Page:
- Third, law enforcement and intelligence must cooperate. I expect you to know the FBI's intelligence cases in your area. When you return home, I request that you sit down with your FBI Special Agent in Charge and develop a plan, following the Department's July guidance, for your office to stay on top of all of the terrorism investigations. And where appropriate, it is your responsibility to develop options to bring the full weight of the criminal justice system against violators who pose the threat of terrorism to America and our freedom.
We have conducted the largest investigation in history; disrupting and punishing possible terrorist related activity throughout the United States. It's working. Let me note just a few instances:
- Zacarias Moussaoui - six counts of conspiracy connected with Sept. 11 attacks.
- John Walker Lindh - guilty of aiding the Taliban.
- Richard Reid - alleged "shoe bomber"- charged as a trained terrorist who attempted to destroy American Airlines Flight 63.
- Detroit: Four indicted - charged with conspiracy to engage in fraud, misuse of visas and identification documents, material support to terrorists.
- Denver and Seattle: Earnest James Ujaama charged with conspiracy to provide material support to terrorists.
- Maryland: Rasmi Subhi Saleh Al Shannaq, former roommate of two of September 11 hijackers, arrested by INS and Joint Terrorism Task Force agents. This apprehension led to 40 arrests in a visa fraud scheme.
- Virginia: Luis Martinez-Flores and Herbert Villalobos pled guilty to fraud for helping hijackers obtain identification documents.
- Washington, DC: Maher Jarad indicted for alleged smuggling of Middle Eastern aliens.
- Buffalo: Six men, allegedly trained at al-Qaeda camps in Afghanistan, charged -- material support to terrorists.
- Charlotte: 67 undocumented aliens indicted for identification document fraud.
- Dulles and Reagan National Airports: 94 workers arrested and charged with falsifying Social Security applications and immigration violations.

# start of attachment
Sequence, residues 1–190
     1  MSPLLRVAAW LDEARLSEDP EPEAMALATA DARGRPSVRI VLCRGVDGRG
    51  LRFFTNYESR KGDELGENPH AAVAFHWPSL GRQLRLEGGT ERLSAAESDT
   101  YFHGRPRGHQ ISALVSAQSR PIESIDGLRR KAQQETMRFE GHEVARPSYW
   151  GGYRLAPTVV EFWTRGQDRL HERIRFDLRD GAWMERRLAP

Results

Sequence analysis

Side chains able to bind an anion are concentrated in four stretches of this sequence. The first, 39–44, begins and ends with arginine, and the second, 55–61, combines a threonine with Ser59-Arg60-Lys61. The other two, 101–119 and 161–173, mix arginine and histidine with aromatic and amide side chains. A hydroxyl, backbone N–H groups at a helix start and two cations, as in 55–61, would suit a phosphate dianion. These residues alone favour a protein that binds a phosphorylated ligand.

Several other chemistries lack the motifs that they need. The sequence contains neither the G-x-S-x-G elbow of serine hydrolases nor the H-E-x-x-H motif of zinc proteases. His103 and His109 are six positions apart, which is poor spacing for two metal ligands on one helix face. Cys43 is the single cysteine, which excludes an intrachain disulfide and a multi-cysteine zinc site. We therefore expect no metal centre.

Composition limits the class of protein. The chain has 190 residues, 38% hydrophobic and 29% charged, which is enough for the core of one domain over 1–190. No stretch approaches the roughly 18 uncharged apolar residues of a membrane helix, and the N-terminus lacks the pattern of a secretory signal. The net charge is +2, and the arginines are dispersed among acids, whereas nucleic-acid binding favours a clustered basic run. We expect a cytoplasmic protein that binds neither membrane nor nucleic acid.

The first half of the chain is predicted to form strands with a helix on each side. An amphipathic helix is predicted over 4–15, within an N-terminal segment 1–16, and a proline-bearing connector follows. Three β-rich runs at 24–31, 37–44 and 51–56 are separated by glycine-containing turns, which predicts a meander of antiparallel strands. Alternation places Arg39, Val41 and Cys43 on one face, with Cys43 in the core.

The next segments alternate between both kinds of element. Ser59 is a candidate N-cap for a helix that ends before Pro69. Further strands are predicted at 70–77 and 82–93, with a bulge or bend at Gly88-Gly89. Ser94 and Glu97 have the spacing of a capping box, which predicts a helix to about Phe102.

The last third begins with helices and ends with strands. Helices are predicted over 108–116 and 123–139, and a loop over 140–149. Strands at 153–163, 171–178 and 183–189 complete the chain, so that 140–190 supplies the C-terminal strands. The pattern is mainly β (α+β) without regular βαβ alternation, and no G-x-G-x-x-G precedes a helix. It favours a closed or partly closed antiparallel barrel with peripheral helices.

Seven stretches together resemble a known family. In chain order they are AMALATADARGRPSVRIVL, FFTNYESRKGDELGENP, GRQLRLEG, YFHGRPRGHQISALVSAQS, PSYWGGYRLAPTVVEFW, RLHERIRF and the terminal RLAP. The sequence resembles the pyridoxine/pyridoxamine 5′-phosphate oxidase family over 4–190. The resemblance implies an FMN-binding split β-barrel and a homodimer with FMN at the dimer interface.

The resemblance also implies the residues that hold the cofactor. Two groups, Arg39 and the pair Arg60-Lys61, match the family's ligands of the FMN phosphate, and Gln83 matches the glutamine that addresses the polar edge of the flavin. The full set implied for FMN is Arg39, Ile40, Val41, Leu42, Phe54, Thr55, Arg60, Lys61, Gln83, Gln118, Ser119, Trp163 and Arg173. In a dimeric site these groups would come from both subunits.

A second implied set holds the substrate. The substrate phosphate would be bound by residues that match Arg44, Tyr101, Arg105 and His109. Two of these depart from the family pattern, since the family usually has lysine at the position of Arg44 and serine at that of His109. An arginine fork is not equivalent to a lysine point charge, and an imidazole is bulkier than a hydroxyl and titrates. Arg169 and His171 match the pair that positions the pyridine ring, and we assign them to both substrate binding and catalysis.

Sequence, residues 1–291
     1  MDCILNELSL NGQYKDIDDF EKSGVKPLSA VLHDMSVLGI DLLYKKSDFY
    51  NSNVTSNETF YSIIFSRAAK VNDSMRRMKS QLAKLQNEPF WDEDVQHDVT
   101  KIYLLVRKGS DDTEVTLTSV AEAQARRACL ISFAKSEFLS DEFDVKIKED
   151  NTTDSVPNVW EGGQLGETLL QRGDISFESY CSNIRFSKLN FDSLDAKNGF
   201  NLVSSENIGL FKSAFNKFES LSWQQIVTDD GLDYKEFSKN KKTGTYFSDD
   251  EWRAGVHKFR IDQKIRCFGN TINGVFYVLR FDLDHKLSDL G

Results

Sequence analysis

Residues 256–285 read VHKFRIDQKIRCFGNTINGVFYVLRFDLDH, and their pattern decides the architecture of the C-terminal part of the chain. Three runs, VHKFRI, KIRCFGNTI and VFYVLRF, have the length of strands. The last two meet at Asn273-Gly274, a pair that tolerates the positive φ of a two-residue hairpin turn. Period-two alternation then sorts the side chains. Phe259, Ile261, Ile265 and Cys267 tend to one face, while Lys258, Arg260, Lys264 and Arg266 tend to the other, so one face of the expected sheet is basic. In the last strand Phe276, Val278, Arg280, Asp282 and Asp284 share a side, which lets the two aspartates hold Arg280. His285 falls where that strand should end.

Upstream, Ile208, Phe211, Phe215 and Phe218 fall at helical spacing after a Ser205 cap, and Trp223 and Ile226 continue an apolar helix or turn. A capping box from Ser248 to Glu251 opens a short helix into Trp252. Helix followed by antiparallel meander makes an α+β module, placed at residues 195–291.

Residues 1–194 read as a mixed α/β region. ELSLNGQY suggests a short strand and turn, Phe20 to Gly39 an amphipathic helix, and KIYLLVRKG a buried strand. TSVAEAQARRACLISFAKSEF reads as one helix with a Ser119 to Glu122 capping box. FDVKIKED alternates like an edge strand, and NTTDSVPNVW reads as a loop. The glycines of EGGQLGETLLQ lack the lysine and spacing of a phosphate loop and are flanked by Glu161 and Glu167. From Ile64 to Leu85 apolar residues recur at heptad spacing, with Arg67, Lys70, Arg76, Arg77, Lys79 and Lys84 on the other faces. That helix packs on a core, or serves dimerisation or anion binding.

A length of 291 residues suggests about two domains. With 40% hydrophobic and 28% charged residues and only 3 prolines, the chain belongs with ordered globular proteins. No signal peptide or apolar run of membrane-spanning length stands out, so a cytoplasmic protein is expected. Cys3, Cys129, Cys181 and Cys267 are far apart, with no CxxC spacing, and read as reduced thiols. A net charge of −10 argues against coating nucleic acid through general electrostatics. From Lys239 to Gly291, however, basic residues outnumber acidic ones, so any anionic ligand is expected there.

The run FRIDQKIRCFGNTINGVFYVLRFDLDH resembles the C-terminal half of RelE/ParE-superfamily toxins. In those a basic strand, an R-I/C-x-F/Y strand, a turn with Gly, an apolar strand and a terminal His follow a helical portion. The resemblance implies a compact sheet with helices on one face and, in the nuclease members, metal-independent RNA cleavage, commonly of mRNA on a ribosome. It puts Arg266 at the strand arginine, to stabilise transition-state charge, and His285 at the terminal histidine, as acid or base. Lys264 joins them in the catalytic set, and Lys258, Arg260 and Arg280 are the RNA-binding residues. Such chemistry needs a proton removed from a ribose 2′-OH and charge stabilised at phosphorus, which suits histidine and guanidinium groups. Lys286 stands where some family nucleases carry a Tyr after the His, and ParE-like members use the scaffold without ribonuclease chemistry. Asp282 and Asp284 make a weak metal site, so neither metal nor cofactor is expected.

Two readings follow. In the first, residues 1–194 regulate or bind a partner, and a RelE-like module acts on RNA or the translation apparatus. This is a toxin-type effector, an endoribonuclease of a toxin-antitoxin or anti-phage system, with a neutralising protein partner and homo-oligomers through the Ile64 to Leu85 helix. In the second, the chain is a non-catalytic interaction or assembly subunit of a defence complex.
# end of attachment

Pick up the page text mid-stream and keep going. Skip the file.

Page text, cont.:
- At close to a dozen other airports - cracking down on fraudulent document scams that allow access to secure areas.
At our borders: INS agents tightened security. Over 500 aliens arrested. 431 deported.
Overall criminal charges: 131 individuals charged. 94 already found guilty. You have been working - and working well. We have designated 39 entities as terrorist organizations. Frozen the financial assets of 62 organizations that support terrorism. We've investigated and disrupted the finances of terrorist connected groups and individuals through the Terrorism Financing Task Force.
Despite these successes, law enforcement's new anti-terrorism tools are sometimes scorned and actively undermined. Those who believe Americans - and American liberties - had adequate protection on September 11, 2001 are seeking to roll back our defenses of the past year. We cannot risk damaging the security of the United States by publicizing the names of those detained in our investigation, or by allowing the potential release of individuals the President, pursuant to his war powers, has designated as enemy combatants, or by re-erecting the barriers blocking law enforcement and intelligence community cooperation.
These actions may be advocated in the name of American liberty; but they do not, in my judgment, advance the cause of liberty. For liberty is not Abraham Lincoln's feared "inherent weakness" for which we must die, on the contrary, liberty is the eternal strength for which we must fight and for which we must prevail.
And fight to secure liberty we will. In Congress, in the courts and in the media, we must defend our ability to prevent terrorism, to preserve freedom, and to protect the American people.
On December 9th, 1941, six months following his message of solidarity with Great Britain, and two days after Pearl Harbor, Franklin Roosevelt addressed the nation from the Oval Office. The day before, America had declared war on Japan. In two days, we would be at war with Germany. Roosevelt said, "The true goal we seek is far above and beyond the ugly field of battle. When we resort to force, as now we must, we are determined that this force shall be directed toward ultimate good, as well as against immediate evil. "
This Justice Department will never sacrifice the ultimate good to fight the immediate evil. But we will defend to the fullest and utilize to the utmost our ability to prevent acts of terrorism. We will fight as generations of Americans before us have fought. And with your leadership and with God's grace, America will endure long after the evil that threatens us has been vanquished; a nation safer, stronger and more free.
Thank you for your work, your sacrifice and your leadership. God bless you and God bless the United States of America.